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Were you hit by the “Google Penguin Update” on the 24th April 2012? If you are not sure of your answer, check your rankings and see if there was a drop on that day. ( note: there are several webmasters that reported receiving the unnatural link building message from Google Webmaster Tools starting with the beginning of 2012)

Update [May 14 2012]: Due to the popularity of this article I have created a set of case studies on the Google Penguin Update (video) where you can see, how to really identify how your site has been hit by Google “Penguin”. This webinar was recorded and it is available to everyone here. It is 1 hour and 30 minutes of “Golden” Penguin Case Studies.

This article is meant as a guide to help you easily identify the unnatural links (link networks and low quality links) that, maybe, caused the drop in your rankings. After reading this you will be able identify low quality links that might hurt your rankings (if they did not do it already). This is the list of link topics that I will present:

  1. Link Networks
  2. Footer Links
  3. Blogrolls & other blocks of links
  4. Site-wide Links
  5. Blog Comments
  6. Forum profile links & signatures
  7. Web Directory links
  8. Article Directory links
  9. Anchor Text Distribution

1. Link Networks

Over 90% of the Link Networks are easy to spot, both by the human eye and by the Google algorithm.

Most Link Networks have the following common patterns:

  • Architected from Blogs and Forums, because they are easy to automate and replicate.
  • Links try to look as natural as possible by being put inside the content of a blog post or forum thread.
  • The owner of a link network rarely puts the effort to generate links back to each of the generated blog posts. This means that each and every post has a probability of having 0 or a small number of backlinks pointing to them.
  • Each site from the link network, links out to at least 2 common money sites.

To find the links coming from link networks to your site you need to filter down the backlinks by blog posts and forum thread links, that are positioned in content, and have a low metric (Pagerank, Mozrank, ACrank etc) and a low number of incoming links to the actual backlink. The hardest part is to filter large lists of links by in Content and type of link (blog post, forum page etc). You can either do it by hand or use a tool that has the ability to make these classifications.

Quickly identify backlinks coming from Link Networks

Using cognitiveSEO go to the inBound Link Portfolio area, inside the inBound Link Analysis module, to view all the analyzed links. Apply the following filters:

  • Link Position = Blog Post or Forum Thread
  • Link Context = Content
  • Majestic AC Rank = none or very low
  • inBound Links = none or very few

Order ascending by Majestic AC Rank, so that you see the lowest quality pages first. Browse a bit through the links and use the link preview feature to quickly preview those pages. In our case we found 138 low quality links coming from different pages on various link networks.(17% of their entire backlink profile)

Any of the following types of links can be both natural or artificial. The difference is how they were acquired in terms of link velocity and link distribution over the entire backlink profile of a site.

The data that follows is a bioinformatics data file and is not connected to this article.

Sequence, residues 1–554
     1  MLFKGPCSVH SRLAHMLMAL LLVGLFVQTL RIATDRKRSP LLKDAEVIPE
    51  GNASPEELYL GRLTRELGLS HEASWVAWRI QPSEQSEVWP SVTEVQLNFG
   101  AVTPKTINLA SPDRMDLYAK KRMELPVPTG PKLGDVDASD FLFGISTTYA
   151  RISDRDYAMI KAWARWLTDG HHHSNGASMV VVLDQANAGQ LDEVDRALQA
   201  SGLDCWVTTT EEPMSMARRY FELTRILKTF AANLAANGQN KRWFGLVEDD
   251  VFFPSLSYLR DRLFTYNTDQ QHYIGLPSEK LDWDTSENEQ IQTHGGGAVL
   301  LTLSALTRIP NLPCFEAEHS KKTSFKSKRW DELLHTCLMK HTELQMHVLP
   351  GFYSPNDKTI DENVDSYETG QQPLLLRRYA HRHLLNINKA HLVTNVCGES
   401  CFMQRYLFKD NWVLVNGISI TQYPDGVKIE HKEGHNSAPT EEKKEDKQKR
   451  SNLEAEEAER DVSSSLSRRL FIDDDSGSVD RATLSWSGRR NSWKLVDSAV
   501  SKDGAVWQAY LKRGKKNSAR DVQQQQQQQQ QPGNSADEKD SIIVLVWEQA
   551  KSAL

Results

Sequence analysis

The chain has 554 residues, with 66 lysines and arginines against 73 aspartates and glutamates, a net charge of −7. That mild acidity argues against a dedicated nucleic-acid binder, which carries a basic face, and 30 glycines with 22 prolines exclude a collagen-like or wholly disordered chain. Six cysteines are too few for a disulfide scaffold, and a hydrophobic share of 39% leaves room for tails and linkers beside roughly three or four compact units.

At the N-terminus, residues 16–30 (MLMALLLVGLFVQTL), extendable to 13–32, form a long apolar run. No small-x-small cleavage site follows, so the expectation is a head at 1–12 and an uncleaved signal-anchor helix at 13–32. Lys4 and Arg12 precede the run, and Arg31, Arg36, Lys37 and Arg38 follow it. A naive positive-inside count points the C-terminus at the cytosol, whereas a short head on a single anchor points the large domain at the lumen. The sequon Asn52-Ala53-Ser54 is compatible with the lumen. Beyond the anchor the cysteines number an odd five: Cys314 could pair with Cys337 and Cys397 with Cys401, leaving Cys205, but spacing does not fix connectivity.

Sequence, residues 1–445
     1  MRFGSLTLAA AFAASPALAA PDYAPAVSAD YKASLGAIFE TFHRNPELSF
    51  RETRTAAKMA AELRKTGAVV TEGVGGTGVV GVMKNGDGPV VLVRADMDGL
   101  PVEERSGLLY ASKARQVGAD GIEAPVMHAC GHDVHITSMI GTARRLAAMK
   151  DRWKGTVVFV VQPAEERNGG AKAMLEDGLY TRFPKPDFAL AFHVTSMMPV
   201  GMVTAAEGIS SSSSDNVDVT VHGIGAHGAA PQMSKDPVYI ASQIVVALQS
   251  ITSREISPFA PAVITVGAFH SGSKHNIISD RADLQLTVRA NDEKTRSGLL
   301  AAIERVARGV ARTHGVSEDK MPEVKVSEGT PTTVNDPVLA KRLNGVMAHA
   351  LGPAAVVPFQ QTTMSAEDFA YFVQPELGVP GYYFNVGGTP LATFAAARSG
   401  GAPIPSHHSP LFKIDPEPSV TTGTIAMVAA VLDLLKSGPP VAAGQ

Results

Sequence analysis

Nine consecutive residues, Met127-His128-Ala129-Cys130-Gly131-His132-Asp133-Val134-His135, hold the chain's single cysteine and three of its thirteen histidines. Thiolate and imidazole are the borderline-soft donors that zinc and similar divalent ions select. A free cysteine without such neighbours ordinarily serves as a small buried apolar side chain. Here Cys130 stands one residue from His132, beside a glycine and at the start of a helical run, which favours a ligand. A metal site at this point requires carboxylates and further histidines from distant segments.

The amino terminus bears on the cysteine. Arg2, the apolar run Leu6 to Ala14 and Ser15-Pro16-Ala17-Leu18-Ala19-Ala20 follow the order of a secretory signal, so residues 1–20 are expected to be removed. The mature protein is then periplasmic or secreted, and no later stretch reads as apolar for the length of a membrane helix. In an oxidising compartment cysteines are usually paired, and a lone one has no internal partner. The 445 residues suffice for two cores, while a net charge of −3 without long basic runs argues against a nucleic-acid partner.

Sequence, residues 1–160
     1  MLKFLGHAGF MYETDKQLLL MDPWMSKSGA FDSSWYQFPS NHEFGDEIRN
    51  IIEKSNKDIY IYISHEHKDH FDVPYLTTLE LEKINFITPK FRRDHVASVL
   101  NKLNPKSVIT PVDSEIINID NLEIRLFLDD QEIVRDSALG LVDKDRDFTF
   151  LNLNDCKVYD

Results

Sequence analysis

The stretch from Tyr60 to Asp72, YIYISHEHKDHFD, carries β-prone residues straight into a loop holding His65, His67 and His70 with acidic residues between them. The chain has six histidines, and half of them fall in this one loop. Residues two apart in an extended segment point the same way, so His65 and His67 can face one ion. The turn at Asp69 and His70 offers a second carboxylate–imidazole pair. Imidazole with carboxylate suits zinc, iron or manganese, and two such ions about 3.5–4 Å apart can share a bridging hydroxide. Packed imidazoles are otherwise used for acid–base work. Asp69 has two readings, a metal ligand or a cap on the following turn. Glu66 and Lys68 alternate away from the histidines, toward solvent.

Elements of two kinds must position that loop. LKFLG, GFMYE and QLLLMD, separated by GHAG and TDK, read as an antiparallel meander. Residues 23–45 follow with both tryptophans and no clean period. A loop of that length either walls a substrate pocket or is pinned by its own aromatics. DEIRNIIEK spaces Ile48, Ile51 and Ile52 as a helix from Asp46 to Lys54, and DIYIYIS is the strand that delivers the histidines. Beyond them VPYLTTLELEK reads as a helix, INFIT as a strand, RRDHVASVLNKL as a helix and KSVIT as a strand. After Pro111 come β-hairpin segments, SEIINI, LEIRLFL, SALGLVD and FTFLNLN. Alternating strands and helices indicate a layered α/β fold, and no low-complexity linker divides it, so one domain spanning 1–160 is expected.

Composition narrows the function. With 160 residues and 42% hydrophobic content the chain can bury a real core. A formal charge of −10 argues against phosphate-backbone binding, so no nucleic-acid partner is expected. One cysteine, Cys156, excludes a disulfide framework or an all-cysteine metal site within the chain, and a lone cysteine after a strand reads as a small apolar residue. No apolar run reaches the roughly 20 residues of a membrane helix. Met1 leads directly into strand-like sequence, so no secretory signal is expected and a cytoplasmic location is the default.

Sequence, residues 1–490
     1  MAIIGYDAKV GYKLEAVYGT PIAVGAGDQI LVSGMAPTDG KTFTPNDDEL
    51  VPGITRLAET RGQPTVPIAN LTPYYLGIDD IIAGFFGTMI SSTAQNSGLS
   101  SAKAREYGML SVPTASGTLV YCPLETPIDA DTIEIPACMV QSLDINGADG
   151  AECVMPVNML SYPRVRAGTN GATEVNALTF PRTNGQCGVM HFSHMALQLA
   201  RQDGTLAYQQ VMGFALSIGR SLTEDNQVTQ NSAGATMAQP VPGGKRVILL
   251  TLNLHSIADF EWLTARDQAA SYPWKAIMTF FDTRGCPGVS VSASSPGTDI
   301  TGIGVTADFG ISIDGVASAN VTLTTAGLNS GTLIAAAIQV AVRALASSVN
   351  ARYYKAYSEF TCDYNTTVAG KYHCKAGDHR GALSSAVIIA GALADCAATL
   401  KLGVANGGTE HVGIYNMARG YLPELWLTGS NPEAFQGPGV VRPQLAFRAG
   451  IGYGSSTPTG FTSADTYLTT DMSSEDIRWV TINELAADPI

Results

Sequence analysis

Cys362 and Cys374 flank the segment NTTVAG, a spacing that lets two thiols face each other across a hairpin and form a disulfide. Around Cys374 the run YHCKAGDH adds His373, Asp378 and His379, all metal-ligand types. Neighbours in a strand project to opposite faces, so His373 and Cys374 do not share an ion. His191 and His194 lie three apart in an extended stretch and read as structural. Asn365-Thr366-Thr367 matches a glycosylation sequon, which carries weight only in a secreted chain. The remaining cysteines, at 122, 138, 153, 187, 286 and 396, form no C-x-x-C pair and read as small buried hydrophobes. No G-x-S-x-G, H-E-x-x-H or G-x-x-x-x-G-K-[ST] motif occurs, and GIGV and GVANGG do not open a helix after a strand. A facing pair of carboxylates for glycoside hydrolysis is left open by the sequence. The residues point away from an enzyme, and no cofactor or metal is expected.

To identify if your backlink profile is unnatural you should always compare your site to your competitors and check for major discrepancies between the backlink profiles of those sites. How I usually do it, is compare my site with the top 5 leaders in the industry and then compare my site with 5 other sites that are trying to break into the niche. There are always things that come up when doing such in-depth analysis. You should always compare metric distributions such Pagerank, mozRank or Majestic AC Rank. These are only the basic comparisons that you can make. The more advanced ones are when you start to compare links classified by webpage type, link type, in content versus not in content links, link position …
This was a short intro to the following type of links that we will analyze below.

2. Footer Links

Footer links are totally legit, when they appear in a natural number, correlated to the distribution of the visual positions on a page, of all your backlinks.

When these numbers tend to go up, and there is no other competing site in your niche that has stood the test of time in the same SERP positions, than this will raise a red flag to Google.

Usually footer links are aquired from sites that:

  • sell links
  • are involved in link exchange schemes
  • have widgets or plugins installed (usually for SERP manipulation)
  • “powered by” links ( ex : WordPress)
  • partners of your business
  • clients that link back to you

If you only find a few links compared to your entire backlink profile than there is no real problem here. If instead you get a long list of links, you might have a problem. There are situations when Google does not flag footer linksBUT … no one says that they are not discarded from Google’s ranking algorithm. One situation is for Godaddy, where they have almost 90% of their links coming from footer links. We checked their site with our tool after we saw the post by Yoast where he explained “GoDaddy’s spammy link building techniques”.

Quickly identify Footer Links

In the inBound Link Portfolio area apply the following filters:

  • Link Visibility = Footer
  • Link Context = Group of Links

This will select all the links that appear in blocks of links in the footer of the linking pages. We need to apply the “Group of Links” filter so that we do not have invalid results (links that appear in blog posts that are in the footer area of the page … ). For the site we analyzed we extracted 148 low quality footer links. (18% of their entire backlink profile)

3. Blogrolls & other Blocks of Links

Blogrolls were abused so much, that they tend to be very carefully analyzed by the Google algorithm nowadays…

This category includes both blogroll links and groups of links that do not fit into the blogroll pattern. Here is such an example that is used to abuse the search engines and is not a blogroll. These examples are widgets that are installed on various website and where webmasters get place their link. They might also be considered a “link network” but a public one with no exact control of who includes the widget on the site. Too many links that fit these patterns, might be viewed as unnatural by the Google algorithm and you might get penalized for them. Some of those links can be sitewide links or not.

Advanced link widget networks will be carefull to not have those links listed as site-wides, as they might get flaged faster. Like with all of the other types of links presented in this guide, it all comes down to how they integrate in your link profile.